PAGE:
“As you know, the President changes his mind quite often,” said Rep. Judy Chu (D-CA). “So what we want to do is make sure that the last person he hears is somebody who has heard from us.”

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Friday marks the one-year anniversary of President Donald Trump taking the oath of office, and unless lawmakers can eke out a deal in the coming days, it could also mark the first government shutdown under his watch, and under unified one-party control in Washington.

Trump declared back in May that the country “needs a good shutdown” to “fix mess,” and amid uncertainty that lawmakers and the White House can agree on a path forward on government funding, immigration, or health care, a shutdown is becoming a tangible possibility.

Between now and Friday, Congress and the White House will scramble to cut a deal on DACA, the Children’s Health Insurance Program (CHIP), and a continuing resolution to keep the government open. Should those talks fail, the race will be on to blame the opposing party for the ensuing wreckage.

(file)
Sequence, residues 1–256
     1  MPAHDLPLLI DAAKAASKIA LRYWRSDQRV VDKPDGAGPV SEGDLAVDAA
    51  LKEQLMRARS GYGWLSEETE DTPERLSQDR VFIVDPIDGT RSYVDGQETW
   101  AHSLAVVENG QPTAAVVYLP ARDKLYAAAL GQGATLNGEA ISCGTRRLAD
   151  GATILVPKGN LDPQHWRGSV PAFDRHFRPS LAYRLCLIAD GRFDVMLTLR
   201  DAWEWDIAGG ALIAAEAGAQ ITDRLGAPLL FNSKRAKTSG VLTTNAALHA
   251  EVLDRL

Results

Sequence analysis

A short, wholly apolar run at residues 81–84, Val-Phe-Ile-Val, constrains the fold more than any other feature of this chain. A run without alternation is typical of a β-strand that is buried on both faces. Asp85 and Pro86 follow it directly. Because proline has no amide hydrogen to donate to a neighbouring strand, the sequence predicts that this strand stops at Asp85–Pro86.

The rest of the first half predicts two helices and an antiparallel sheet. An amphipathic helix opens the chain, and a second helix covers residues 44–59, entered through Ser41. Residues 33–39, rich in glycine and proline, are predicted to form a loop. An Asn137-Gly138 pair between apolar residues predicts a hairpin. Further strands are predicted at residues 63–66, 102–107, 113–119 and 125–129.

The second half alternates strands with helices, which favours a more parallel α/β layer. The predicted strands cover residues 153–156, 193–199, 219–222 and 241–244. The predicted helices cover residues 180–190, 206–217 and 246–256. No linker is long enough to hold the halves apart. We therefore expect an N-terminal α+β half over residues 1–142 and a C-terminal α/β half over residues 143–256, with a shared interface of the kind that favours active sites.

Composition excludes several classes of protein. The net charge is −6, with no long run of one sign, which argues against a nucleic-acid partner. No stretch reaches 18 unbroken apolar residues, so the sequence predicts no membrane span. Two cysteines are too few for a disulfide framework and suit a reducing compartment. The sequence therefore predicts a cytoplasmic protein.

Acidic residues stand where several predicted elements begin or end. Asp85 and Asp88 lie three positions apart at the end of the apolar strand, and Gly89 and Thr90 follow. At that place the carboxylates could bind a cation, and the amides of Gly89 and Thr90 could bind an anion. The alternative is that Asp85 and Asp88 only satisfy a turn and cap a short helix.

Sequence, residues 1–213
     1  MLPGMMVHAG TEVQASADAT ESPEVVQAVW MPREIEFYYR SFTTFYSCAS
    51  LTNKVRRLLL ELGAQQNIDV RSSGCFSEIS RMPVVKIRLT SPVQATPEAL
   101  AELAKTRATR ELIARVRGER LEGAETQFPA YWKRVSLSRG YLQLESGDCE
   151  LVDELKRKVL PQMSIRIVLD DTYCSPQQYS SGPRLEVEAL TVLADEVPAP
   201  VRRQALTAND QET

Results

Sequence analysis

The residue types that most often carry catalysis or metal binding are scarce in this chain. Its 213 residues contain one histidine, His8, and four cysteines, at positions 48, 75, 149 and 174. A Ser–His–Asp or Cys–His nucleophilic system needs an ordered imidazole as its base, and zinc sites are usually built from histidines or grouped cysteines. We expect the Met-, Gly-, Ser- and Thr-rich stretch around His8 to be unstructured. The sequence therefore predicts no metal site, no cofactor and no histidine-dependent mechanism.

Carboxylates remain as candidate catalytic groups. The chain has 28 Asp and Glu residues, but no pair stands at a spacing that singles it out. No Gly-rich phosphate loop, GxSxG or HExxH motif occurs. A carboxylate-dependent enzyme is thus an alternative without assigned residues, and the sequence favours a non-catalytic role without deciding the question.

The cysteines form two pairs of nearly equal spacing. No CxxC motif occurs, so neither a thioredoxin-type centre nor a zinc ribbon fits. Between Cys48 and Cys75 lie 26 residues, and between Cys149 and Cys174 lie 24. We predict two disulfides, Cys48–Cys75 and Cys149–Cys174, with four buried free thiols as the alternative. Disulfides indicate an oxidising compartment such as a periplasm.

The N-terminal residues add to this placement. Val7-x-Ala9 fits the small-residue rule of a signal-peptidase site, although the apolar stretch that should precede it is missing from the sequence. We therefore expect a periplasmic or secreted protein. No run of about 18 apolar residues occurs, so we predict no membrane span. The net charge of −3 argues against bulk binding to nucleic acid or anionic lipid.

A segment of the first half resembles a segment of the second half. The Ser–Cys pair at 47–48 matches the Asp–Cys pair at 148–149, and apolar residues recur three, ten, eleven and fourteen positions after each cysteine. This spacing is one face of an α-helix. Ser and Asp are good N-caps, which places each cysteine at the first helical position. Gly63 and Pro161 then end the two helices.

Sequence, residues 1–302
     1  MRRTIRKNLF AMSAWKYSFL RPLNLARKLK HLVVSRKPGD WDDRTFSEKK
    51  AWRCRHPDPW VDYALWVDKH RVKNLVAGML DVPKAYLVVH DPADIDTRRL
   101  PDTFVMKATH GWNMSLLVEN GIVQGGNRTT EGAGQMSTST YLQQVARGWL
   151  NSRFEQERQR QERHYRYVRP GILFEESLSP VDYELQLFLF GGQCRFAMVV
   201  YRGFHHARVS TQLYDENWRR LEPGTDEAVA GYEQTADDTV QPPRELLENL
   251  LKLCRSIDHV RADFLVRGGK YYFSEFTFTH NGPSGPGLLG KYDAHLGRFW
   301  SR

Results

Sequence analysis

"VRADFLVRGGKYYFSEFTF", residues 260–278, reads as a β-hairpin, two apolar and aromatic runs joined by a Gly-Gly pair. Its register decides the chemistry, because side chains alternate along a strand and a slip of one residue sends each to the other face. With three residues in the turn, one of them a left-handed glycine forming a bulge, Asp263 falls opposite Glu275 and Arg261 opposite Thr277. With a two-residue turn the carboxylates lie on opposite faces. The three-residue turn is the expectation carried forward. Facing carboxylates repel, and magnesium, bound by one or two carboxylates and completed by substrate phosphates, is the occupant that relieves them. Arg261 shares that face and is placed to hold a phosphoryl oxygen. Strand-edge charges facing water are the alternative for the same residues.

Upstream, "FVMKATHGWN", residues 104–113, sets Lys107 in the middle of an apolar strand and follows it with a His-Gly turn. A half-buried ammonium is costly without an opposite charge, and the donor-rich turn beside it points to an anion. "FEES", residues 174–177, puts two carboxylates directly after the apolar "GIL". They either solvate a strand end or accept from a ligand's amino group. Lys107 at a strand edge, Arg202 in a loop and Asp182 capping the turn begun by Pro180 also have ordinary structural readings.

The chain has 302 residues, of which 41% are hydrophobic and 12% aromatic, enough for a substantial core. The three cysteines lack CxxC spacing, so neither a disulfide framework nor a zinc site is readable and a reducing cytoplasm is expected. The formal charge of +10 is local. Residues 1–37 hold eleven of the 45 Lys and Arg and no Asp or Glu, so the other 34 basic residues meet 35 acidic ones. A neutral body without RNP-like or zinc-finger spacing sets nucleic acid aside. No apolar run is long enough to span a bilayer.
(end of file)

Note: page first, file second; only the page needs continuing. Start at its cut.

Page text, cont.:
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On Friday, Kentucky became the first state in the nation, and in the nation’s history, to win permission from the federal government to impose a work requirement and several other new restrictions on its Medicaid program.

“It will be transformational in all the right ways,” Governor Matt Bevin (R) said in a speech announcing the waiver approval. “It has been long overdue.”

Friday’s announcement, which by the state’s own estimate will result in more than 90,000 people losing Medicaid coverage, is yet another marker in a massive about-face for health care in the state. Kentucky—which just a few years ago made headlines as an Obamacare “success story,” launching its own health insurance exchange and expanding Medicaid to more than 400,000 low-income residents—has seen a sharp reversal since electing a Tea Party governor in 2015.